[ExI] Don't be a locavore fundamentalist

BillK pharos at gmail.com
Sat Sep 26 23:40:02 UTC 2009

On 9/26/09, Robert Masters wrote:
> Aren't you contradicting yourself?  If I understand correctly, you are making the
> standard libertarian assumption that the ultimate and sole criterion of "human
> welfare" is the judgment of the free market.  But locovores are PART OF THE
> MARKET, right?  If they bid up the price of lousy New York wine, who are you
> to say there is anything wrong with this?
> There would appear to be two alternatives:
> (a) Human welfare is entirely a matter of ECONOMIC value, i.e., price (as
> determined on a free, unregulated market).  Thus, if Jerry Springer earns $10
> million/yr and Richard Feynman earns $50,000 (on a free market), then
> Springer's services really are worth 200 times as much as Feynman's.
> (b) There are non-economic values (e.g., moral, intellectual and esthetic values),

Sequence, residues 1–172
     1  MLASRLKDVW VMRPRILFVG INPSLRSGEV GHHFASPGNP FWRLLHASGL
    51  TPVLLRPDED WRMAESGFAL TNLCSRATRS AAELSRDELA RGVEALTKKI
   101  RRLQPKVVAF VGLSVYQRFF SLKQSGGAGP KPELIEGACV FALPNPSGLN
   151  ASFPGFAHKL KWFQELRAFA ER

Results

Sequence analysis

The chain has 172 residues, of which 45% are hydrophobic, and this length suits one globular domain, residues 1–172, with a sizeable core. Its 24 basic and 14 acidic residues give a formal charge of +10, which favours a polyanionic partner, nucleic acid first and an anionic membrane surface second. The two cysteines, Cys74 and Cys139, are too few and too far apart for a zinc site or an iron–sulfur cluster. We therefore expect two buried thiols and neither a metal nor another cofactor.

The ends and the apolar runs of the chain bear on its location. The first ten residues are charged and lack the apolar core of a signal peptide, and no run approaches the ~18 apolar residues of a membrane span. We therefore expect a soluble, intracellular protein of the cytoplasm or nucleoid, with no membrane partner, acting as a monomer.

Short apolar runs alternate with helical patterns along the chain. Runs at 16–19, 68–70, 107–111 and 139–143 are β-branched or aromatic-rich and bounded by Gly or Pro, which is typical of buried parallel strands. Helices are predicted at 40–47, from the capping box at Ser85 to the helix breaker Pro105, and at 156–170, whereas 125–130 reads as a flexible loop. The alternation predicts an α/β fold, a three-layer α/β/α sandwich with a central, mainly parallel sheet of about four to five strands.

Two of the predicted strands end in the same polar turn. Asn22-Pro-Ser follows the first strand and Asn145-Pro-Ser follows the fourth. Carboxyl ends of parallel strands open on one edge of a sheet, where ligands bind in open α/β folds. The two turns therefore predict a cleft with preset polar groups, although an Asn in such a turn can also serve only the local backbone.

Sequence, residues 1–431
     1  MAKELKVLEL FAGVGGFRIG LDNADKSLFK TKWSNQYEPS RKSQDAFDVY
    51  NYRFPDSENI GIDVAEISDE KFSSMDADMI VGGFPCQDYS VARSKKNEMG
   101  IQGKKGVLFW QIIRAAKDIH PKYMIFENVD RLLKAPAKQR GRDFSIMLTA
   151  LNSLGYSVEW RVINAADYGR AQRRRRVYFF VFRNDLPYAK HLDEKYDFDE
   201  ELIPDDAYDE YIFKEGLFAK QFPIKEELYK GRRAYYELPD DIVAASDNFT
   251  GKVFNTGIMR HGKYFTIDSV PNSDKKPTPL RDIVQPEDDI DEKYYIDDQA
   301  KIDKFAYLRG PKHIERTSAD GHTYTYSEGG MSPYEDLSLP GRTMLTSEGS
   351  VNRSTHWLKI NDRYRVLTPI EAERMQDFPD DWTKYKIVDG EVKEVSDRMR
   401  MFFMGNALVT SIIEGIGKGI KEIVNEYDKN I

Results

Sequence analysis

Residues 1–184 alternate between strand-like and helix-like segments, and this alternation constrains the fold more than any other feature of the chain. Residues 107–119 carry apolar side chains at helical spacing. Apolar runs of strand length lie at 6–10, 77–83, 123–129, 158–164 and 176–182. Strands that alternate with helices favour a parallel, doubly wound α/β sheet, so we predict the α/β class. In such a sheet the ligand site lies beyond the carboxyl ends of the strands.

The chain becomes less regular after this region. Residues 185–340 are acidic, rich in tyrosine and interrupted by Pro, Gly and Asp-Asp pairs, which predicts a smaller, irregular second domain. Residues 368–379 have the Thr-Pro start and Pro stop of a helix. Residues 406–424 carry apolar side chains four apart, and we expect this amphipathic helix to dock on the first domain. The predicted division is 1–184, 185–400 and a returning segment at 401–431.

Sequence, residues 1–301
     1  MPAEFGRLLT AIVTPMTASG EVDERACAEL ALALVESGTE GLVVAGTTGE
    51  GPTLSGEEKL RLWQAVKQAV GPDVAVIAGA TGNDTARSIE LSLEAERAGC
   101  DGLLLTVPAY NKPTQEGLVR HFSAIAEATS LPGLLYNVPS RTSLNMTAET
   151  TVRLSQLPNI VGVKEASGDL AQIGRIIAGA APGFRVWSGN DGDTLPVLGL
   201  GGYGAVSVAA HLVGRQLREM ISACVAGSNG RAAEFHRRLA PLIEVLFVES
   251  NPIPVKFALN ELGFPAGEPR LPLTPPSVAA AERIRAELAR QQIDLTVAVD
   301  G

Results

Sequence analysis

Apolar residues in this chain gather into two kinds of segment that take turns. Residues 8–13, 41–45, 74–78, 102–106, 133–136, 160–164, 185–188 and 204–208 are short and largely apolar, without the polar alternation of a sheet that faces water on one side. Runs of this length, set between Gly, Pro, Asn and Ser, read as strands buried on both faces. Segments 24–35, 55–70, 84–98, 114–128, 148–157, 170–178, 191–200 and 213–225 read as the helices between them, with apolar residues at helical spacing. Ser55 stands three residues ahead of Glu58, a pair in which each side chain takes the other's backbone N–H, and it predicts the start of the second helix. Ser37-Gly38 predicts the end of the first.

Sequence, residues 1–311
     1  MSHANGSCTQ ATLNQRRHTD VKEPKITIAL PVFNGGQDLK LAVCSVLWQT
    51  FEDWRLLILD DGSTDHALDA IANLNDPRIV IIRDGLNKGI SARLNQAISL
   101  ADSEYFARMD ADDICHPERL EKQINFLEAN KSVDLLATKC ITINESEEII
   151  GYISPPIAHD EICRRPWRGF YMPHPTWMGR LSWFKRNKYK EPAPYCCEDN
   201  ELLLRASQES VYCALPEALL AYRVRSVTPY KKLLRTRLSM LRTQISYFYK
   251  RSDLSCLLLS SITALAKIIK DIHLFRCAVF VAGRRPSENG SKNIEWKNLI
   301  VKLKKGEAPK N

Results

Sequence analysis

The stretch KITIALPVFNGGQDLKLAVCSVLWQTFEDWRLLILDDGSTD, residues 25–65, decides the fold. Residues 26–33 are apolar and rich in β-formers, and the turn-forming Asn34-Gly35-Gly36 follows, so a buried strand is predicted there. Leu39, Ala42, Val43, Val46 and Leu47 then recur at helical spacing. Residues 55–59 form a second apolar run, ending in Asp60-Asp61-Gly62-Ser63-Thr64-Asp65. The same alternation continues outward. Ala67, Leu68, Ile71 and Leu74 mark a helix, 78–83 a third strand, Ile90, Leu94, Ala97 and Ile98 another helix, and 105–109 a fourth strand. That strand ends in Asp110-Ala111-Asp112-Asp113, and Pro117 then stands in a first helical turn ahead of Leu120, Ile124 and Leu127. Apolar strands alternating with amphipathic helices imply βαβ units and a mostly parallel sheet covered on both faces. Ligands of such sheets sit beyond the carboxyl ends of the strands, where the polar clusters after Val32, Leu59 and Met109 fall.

> and human welfare cannot be measured by prices alone.

You can't win an argument against the libertarian 'free' market belief.

If you point out some of the many failings, they will just say 'Ah but
that example wasn't really a free market'. You can then point out that
they can never achieve the perfect 'free' market that their theory
requires. But they won't accept that their utopia can never be

If you are a *very* determined arguer and back them into a corner,
then you can sometimes get them to say that, Yes they do believe that
Springer is worth 200 Feynmans, because that is what the theory
demands. But they will never accept that uncontrolled markets are a
sure recipe for every kind of fraud, crooked dealing and sheer
insanity. Even after it has almost destroyed the world economic


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